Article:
The toes of boots are upturned, and several explanations have been offered for this unconventional style. If boots had upturned toes pre 1578 when Buddhism introduced to Mongolia , then this would be an example of religion using indigenous customs, beliefs etc. to support advance their own religion. Another explanation is that the upturned tip prevents a rider's feet from slipping out of the stirrups. However it's also true that boots are so thick and rigid that if they were flat, they would be almost impossible to walk in. these hefty boots are still worn in UB and are particularly popular in countryside. The boots are tall boots made from thick unbending leather “buligar” and the tops are decorated with leather appliqués. The right and left boots are the same shape. They do not have laces or zippers, making them easy and quick to slip on or off in a hurry. And they can be worn in all sessions with thick felt socks added in winter and removed in summer.
The most popular instruments is the “Morin khuur” –Morin Khuur ( horse head fiddle ). It is a square fiddle with the long, straight handle curved at the tip and topped with the carving of a horse's head. It is said to represent the movement and sounds of a horse. Every Mongolian family strives to have a morin khuur in their ger even though they are hand-made and fairly expensive instruments. In the beginning it was simply a ladle for airag on which strings were strung. At that time the instruments was called “shanagan khuur” (shanaga is ladle or dipper). Later the sounds and board took the form of a trapeze and the master carvers who made these popular instruments began to decorate them with whimsical figures. Then the head of horse, an animal greatly loved by all Mongolians, appeared on the neck, and the name was changed to morin khuur. Twelve animals are carved on the neck in accordance with twelve years cycle of the lunar calendar. The morin khuur has two strings and bow made from the hair of horse's tail. At the top of the morin huur's neck is a horse's head, but here too, there are 5 other animals –horse, camel, cow, sheep and goat, Mongolian symbols of wealth and plenty. The morin huur is most suitable to accompany the traditional long and short songs and Mongolian classical dance bielgee. Last year our president declared ‘Morin huur is our state instrument” so government founded Horse headed fiddle orchestra. In 13 th century Mongolia had those kinds of famous orchestra. Usually Mongolians use the horse headed fiddle; Naadam, Tsagaan sar, wedding and other big ceremonies.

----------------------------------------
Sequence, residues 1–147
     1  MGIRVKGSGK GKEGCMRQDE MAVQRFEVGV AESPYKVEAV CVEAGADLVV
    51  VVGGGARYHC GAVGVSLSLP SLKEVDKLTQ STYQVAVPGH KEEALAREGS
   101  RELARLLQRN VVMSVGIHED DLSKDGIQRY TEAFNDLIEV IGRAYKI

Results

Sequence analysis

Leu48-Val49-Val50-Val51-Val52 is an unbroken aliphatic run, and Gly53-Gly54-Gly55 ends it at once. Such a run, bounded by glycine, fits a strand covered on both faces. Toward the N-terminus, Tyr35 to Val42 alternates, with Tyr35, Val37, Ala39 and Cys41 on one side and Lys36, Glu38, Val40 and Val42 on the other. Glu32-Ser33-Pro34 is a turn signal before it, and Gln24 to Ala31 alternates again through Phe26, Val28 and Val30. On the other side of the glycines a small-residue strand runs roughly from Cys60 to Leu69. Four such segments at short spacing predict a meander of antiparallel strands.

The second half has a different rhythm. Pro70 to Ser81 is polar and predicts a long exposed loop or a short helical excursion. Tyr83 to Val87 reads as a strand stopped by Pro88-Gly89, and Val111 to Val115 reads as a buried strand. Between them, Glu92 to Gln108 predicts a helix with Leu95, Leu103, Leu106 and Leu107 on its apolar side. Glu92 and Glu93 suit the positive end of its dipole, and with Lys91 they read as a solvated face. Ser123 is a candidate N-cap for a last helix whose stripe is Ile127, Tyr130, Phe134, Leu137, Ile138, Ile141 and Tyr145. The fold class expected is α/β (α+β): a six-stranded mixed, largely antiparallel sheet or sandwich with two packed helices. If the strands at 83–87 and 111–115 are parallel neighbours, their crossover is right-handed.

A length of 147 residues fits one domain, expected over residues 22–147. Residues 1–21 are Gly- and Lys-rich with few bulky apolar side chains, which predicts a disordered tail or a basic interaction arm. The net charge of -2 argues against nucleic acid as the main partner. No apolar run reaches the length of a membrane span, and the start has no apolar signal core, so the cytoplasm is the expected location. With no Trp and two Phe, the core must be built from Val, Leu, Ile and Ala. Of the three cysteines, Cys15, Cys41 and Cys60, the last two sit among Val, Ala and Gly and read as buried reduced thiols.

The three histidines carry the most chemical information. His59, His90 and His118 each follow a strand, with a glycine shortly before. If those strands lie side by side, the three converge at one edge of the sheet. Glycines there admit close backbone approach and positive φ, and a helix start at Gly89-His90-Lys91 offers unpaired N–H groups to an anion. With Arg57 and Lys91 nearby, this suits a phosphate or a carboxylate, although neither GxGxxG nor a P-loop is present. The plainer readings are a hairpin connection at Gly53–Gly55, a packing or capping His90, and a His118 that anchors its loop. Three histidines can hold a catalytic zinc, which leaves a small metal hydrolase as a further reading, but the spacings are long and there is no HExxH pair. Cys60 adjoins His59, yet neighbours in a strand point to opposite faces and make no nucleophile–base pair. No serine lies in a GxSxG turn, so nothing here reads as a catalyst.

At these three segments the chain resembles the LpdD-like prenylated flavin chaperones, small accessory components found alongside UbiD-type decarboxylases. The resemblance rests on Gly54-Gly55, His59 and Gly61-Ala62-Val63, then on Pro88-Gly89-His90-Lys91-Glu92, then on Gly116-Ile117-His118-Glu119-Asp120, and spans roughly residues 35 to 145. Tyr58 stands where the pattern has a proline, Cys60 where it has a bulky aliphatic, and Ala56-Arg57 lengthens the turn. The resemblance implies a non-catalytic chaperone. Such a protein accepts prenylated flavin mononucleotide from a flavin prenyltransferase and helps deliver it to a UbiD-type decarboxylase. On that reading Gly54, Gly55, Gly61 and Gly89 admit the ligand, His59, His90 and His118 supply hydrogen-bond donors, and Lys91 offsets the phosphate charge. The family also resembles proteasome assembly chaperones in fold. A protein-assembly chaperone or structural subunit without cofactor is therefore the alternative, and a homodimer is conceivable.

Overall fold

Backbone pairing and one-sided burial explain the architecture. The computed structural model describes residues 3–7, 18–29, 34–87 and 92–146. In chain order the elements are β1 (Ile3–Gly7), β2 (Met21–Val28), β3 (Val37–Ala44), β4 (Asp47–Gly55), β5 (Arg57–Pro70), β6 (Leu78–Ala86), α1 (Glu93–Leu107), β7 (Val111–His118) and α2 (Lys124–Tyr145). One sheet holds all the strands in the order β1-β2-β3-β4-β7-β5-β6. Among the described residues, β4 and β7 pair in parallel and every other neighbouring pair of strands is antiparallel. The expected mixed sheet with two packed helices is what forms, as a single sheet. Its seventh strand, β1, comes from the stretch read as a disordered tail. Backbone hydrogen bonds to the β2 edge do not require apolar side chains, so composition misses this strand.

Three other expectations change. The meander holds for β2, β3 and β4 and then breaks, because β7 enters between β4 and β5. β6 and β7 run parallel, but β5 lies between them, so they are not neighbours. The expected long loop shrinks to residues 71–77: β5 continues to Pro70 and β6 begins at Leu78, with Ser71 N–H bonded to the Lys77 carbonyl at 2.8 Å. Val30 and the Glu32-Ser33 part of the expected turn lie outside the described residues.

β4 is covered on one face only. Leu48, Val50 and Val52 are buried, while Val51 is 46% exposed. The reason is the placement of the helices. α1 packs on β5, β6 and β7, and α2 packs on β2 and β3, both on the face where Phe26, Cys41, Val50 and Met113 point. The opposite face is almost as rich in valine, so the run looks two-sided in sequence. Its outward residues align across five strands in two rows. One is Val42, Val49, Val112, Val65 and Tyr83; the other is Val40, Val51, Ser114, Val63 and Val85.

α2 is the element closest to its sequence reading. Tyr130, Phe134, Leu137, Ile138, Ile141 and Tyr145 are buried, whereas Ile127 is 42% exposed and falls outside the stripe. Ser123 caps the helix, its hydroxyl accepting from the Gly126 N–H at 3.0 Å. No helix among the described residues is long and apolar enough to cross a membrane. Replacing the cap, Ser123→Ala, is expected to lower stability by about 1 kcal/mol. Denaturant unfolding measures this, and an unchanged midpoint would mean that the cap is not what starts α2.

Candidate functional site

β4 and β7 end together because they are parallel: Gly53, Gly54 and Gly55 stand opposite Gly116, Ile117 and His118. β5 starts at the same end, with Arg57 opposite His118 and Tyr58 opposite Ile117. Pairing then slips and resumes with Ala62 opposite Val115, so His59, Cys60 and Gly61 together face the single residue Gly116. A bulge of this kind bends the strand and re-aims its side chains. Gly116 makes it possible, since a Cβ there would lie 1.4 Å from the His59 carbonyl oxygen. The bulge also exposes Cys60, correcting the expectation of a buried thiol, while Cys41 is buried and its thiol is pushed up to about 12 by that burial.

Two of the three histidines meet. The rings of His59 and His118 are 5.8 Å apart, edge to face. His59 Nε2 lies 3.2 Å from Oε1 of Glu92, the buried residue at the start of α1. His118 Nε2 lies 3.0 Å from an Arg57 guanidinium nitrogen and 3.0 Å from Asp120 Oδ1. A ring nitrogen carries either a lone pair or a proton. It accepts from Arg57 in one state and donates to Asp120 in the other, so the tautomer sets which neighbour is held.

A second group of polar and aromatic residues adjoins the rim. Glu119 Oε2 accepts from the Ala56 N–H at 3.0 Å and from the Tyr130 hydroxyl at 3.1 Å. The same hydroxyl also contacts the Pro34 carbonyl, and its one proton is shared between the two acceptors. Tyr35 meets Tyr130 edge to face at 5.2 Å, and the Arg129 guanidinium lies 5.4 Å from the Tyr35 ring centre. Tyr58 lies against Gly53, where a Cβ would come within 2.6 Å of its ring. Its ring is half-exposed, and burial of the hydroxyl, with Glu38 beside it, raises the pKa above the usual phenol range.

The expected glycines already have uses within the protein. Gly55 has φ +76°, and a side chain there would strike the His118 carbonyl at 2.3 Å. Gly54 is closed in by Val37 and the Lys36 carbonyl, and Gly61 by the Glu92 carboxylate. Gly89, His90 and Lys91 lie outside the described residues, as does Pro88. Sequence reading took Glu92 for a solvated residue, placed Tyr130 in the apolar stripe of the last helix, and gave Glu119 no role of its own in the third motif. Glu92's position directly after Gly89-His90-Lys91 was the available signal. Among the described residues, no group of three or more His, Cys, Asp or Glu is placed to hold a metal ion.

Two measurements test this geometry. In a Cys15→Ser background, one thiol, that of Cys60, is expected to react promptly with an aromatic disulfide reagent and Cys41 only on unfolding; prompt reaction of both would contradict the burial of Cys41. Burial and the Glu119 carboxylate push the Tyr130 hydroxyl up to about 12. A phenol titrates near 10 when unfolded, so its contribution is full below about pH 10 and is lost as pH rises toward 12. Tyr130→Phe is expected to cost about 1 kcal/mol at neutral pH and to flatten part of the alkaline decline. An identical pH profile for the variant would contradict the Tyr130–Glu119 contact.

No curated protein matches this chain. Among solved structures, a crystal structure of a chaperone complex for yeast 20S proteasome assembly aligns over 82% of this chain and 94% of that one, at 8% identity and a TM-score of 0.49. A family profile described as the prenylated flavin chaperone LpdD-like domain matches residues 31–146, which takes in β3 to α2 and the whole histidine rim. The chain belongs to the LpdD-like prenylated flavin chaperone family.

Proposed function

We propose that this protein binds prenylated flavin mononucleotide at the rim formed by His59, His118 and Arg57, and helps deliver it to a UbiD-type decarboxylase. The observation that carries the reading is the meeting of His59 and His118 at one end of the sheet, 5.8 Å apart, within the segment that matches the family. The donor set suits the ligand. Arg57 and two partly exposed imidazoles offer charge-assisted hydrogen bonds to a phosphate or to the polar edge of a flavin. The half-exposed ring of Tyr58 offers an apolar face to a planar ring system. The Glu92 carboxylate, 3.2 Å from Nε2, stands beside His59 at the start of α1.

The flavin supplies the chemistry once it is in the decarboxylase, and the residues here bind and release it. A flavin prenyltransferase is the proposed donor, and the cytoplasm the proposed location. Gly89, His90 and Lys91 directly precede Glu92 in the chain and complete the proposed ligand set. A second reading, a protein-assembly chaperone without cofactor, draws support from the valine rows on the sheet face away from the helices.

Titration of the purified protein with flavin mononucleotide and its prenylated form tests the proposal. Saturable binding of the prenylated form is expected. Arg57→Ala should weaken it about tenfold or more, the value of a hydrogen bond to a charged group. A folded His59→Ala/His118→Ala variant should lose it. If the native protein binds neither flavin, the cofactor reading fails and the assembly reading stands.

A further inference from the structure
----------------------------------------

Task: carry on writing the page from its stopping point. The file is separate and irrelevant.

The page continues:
It has ancient origins and is purely Mongolian musical instrument.